Of course nowhere in Wiltz's article did she interview any concertgoers to see if anyone really missed the earth-shattering experience that is hearing Baez's music.
What's more, Wiltz left unconsidered how negatively injured soldiers might receive Baez's decidedly politically-infused folk music and ultra-left wing leanings. Mellencamp is no Bush fan, but it's hard to accuse the rocker of being opposed to the institution of the military itself. (see correction below)* (continued...)
One great thing about liberal journalists blogging is that without the constraints of editorial oversight, they can let their hair down even more than usual, unleashing their biases as fast as their fingers fly over the keyboard.
Time magazine's Joe Klein is no exception. The journalist and formerly anonymous author of "Primary Colors" shared with readers of the "Swampland" blog today his complaints about a Bush administration that "trafficks" in publicity stunts such as the May 1, 2003, carrier landing. Klein went on to complain that Donald Rumsfeld was the worst Secretary of Defense in the history of the Republic who, along with "the spinners who gave us the Abraham Lincoln stunt" should be "emptying bed pans at Walter Reed."
Klein's ire draws from liberal talking points about the four-year old "major combat operations" speech. You know the meme "Mission Accomplished" and an end of "major combat operations" were impossibly rosy scenarios in light of the ongoing insurgency.
But for the record, Klein himself described the war as having been won shortly after President Bush's USS Abraham Lincoln speech.
From the May 19, 2003, Time magazine, emphasis mine:
Geopolitical instability and inefficient allocation of resources from state-run oil enterprises in Venezuela and other oil-producing countries are one factor in the rising cost of petroleum products. Unfortunately the way Chavez's May Day oil grab is being reported, it's little more than a footnote.
In an April 30 "Public Eye" entry, CBS ombudsblogger Brian Montopoli wrote about CBS's quandary over CIA director George Tenet has a faulty memory regarding an exchange with Richard Perle that supposedly happened the day after 9/11 at the White House. The problem, Perle was stuck in France. He returned to the country on Sept. 15, 2001. So what to do with Web site transcripts of the April 29 "60 Minutes" segment?
"Man Who Claims to Be Prophet Muhammad Alive and Well in Hoboken, Says It's Cool to Eat Pork"
Imagine that headline on ABCNews.com. And imagine the story included no Muslim imams or scholars to denounce the charlatan. Well, that's pretty much what ABC did today on an old story front-paged on its Web site today (see screencap on the right), only the religion in question was Christianity (and the fake Jesus in the story lives in Houston).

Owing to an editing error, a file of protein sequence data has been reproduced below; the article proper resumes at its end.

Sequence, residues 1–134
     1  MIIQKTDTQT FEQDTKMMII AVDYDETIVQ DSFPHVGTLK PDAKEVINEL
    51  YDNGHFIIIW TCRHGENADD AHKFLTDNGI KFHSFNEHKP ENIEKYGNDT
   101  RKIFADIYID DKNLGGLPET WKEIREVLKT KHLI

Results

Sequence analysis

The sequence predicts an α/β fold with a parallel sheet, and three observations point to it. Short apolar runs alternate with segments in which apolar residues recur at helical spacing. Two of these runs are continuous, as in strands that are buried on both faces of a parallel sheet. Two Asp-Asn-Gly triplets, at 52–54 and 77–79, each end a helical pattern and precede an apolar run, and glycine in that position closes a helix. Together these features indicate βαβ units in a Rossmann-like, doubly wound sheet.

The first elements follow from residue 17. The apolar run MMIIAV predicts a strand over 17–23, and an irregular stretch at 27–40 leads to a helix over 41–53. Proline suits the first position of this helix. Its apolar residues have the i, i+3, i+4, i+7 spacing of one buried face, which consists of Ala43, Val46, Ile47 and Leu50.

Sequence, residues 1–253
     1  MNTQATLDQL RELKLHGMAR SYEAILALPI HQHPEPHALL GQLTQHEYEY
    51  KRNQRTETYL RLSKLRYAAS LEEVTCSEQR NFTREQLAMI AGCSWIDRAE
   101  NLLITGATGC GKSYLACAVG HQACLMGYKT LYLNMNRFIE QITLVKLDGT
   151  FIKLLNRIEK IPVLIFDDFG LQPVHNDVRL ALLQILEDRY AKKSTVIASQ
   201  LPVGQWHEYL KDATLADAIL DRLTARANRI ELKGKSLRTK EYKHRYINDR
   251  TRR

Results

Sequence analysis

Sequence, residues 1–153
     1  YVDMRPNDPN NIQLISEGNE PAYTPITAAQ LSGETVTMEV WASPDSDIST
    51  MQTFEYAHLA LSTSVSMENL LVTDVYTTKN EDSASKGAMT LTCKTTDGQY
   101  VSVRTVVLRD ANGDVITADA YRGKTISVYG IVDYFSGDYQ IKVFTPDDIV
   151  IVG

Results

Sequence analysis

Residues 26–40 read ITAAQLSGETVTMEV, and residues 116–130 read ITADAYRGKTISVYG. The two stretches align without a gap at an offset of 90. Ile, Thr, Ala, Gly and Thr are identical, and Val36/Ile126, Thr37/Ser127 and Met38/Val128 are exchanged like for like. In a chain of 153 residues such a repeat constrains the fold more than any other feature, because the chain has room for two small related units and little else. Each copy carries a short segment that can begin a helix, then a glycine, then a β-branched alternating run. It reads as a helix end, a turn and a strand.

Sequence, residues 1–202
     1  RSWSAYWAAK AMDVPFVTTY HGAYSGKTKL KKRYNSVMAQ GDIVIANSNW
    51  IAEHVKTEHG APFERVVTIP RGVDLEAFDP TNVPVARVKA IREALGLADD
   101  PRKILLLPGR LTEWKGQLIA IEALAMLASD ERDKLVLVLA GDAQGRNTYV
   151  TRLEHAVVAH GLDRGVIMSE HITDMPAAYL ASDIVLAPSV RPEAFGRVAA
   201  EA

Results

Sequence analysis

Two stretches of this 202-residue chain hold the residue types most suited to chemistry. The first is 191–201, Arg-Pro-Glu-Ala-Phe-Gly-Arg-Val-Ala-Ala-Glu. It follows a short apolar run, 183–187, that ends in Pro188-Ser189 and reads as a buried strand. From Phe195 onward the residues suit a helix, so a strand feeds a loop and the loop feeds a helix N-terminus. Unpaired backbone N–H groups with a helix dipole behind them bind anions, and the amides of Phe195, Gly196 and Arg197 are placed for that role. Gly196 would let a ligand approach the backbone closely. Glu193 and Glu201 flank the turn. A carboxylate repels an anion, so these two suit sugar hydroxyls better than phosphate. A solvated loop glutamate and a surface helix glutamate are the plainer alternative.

Here's the headline for the March 6, 2007, story by Jim Avila (yes, the dateline is correct, this story is over a month old):
Although a quick search of the Web draws up the speech, available here (with video and audio links), rare is the online news service that links to President Bush's remarks on May 1, 2003, aboard the USS Abraham Lincoln.
Since the media don't reprint excerpts of the speech nor give readers the links to the original source material, here are some comments from May 1, 2003, that point to President Bush warning Americans of an ongoing struggle to establish Iraqi democracy and counter the threat of terrorism (portions in bold are my emphasis):
Yet a review of the questions to Craig betrays Couric's leanings towards Helmke's pro-gun control position as well as some ignorance of the modern history of gun control (see her 10th question, for example).
Below are the questions to Craig with my comments/snark included in italics. Portions in bold are my emphasis:
Matt Sheffield is in Philly today at Heritage's Resource Bank. As such the usual Friday Open Thread joke is taking a holiday. Maybe in the future, should I have the pleasure of meeting some of our loyal NB readers in person at a happy hour, I can give you my killer standup routine. It always leaves the crickets chirping in delirious glee.
Anyway, use this thread to pontificate and bloviate, or to audition to become a future NB blogger (by writing a pithy, relevant take on an instance of media bias). If it's the latter, follow our style guide and shoot me a private message with the link to remind me to check it out.
One more thing. Heritage Foundation sponsors one-day "boot camps" in "Computer-Assisted Research and Reporting." They have five more scheduled in 2007 at the National Press Club in Washington, D.C. It's a great resource for current and aspiring bloggers and online journalists, and best of all, it's free of charge.
The mini-scandal got buried by the Imus flap, but a few weeks ago CBS fired a Couric producer for plagiarizing from a Wall Street Journal column. The offending item was the vlog script she wrote for Couric's April 4 "Notebook," wherein Couric waxed nostalgic for childhood and worried that today's kids aren't as enamored with the public library as she was.